Directed by: Lynne Ramsay
Premise: Based on the book by Jonathan Ames. A hired gun (Joaquin Phoenix) who is haunted by violent trauma earns his living tracking down missing and kidnaped children. He stumbles into a conspiracy of political corruption and human trafficking.
What Works: Lynne Ramsay’s films tend to deal with the aftermath of violence. Her last feature was 2011’s We Need to Talk About Kevin and You Were Never Really Here is equally grim and challenging. It’s also an excellent portrait of a man coping with trauma. Joaquin Phoenix plays Joe, a man who tracks down missing or kidnapped children, often killing the abductors with a ballpeen hammer. He also cares for his elderly mother and the contrast between Joe’s violent methods and his tenderness toward children and his mother makes for a complex portrait. Joaquin Phoenix is an actor of considerable range who has appeared in everything from big Hollywood movies to avant-garde dramas but this is the kind of role he does best. Phoenix doesn’t talk much in You Were Never Really Here but he conveys much through his posture and line delivery and the actor packs each moment with subtle character details. Also impressive is Ekaterina Samsonov as the pre-teen girl Joe is charged with locating. Samsonov holds the screen with Phoenix. Like her costar, Samsanov doesn’t have much to say but she communicates a lot through the subtle choices in her performance. You Were Never Really Here has a violent atmosphere comparable to Taxi Driver and The Texas Chainsaw Massacre. The film has an ominous and aggressive tone but the violence is staged, shot, and edited in such a way that we feel as though we’ve seen more violence than we actually have. The picture also uses unusual and asynchronous sounds that lay over each other in a way that is disorienting. The result is a movie that gets under the viewer’s skin and You Were Never Really Here is a difficult movie to watch as it challenges the way mainstream cinema usually presents violence.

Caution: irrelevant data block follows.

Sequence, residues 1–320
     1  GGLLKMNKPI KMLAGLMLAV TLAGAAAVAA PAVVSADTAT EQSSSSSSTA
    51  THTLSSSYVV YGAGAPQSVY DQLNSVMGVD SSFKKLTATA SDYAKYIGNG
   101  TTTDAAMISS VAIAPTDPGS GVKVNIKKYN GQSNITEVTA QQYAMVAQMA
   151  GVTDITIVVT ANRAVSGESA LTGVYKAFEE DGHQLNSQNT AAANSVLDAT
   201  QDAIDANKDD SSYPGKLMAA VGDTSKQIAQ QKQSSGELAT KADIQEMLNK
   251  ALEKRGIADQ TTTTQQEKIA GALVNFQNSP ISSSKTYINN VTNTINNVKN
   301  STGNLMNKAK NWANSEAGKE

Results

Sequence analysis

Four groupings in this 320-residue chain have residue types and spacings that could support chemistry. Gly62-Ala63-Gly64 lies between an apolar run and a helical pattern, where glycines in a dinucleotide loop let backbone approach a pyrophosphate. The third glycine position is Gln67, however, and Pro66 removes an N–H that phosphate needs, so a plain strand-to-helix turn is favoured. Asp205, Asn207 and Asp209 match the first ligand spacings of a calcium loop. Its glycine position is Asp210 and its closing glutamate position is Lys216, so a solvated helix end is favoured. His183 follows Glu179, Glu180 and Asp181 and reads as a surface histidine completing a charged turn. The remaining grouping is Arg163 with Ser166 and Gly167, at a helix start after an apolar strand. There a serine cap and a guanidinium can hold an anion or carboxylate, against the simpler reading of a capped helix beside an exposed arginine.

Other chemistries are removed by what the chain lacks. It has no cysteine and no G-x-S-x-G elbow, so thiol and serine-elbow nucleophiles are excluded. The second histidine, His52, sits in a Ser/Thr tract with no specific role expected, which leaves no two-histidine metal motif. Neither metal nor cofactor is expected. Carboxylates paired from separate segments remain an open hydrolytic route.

What Doesn’t: You Were Never Really Here is probably going to frustrate some viewers. The picture is not made in the style that audiences are accustomed to from mainstream film and television. Filmmaker Lynne Ramsay choses unusual angles and foregoes a lot of expository information. Joaquin Phoenix’s character had an abusive childhood and the film drops hints that he is a veteran of a Middle Eastern conflict. However, the film does not provide much of an explanation as to exactly what happened to his character. The childhood abuse is clear enough but his military career is only shown in a few disconnected images. The intent seems to be to convey the fragmented nature of the protagonist’s mind and it is admirable the way the filmmakers trust the audience to piece together the clues. But there’s not much to work with and You Were Never Really Here doesn’t provide the kind of neat and closed conclusion that viewers usually find satisfying.
Bottom Line: You Were Never Really Here is a beautifully crafted film that’s also difficult to watch. The picture challenges the audience to think about its images and the ways in which violence is typically portrayed in Hollywood movies.
Episode: #696 (April 29, 2018)